Retirement is often discussed in terms of income — as in, how much income lost from the departed job a retiree will be able to replace.

However, some experts believe that the income replacement rate is a relic of a bygone era in retirement planning and that retirees are better served by focusing on cash flow.

“That convention has been ported over to the nonpension world, too. Rules of thumb for income-replacement ratios abound, with planners and financial firms urging retirees to shoot for replacing between 70% and 85% of their working incomes,” says Morningstar’s Christine Benz. “Retirement planning experts arrive at those percentages by reducing gross income by taxes and savings, mainly.”

There are some other reasons that income replacement rate talk is falling by the wayside. For starters, it usually dictates that workers attempt to replace gross income from their job, but folks are already living via post-tax or net income. Secondly, the math surrounding the income replacement rate is often onerous.

“Confusion over income-replacement rates–combined with huge variations in actual income-replacement needs among different cohorts–highlights why I think most pre-retirees should bypass income-replacement rates and instead use their expected cash flow needs to help determine how much money they’ll need in retirement,” adds Benz.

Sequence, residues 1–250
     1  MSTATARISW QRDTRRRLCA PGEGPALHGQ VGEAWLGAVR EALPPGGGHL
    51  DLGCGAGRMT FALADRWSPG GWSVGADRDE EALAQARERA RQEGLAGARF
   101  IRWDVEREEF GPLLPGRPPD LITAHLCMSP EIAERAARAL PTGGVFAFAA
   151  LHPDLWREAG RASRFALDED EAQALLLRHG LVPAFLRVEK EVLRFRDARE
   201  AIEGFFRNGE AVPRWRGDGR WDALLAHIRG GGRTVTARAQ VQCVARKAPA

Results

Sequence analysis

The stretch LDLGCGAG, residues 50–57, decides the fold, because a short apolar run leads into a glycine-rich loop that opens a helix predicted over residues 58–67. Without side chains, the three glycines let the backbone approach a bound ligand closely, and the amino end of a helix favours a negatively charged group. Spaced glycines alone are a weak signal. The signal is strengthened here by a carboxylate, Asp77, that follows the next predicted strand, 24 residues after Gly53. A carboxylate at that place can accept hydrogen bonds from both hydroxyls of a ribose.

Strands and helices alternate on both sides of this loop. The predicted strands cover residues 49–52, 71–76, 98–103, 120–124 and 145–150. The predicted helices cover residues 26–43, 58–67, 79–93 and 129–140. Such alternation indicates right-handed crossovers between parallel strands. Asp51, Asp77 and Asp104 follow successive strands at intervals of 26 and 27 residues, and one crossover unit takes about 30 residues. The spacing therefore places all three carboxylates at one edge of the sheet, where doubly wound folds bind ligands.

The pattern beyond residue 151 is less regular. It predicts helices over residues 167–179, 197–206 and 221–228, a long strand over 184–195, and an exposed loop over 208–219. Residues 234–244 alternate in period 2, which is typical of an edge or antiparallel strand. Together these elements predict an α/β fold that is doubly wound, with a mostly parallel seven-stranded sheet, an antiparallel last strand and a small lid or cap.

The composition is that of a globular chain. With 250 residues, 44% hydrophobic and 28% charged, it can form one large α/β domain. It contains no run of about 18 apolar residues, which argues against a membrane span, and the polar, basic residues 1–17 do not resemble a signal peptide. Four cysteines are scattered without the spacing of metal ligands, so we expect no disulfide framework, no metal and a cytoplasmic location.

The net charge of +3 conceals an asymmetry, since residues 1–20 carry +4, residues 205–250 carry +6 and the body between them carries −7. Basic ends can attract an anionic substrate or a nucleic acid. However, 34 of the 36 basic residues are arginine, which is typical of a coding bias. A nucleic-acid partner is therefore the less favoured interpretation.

For those that want to focus on cash flow, there are steps to take, including focusing on current expenditures and the impact of possibly downsizing to a smaller, more cost-effective house. Lifestyle changes, such as increased travel, should also be accounted for.

“If a heavy travel schedule or an expensive hobby is on your retirement to-do list, you might see any cost reductions on line items like food offset by increased expenditures elsewhere. Bear in mind, however, that big spending on travel often occurs in the early years of retirement but then tapers off later on,” notes Benz.

Of course, retirees also need to factor in the specter of rising healthcare costs and the possible need for long-term care, which is expensive. By focusing on cash flow instead of the rigidity of the income replace rate, retirees gain flexibility and the ability to respond to the ebbs and flows of their expenses.

For more on income strategies, visit our Retirement Income Channel.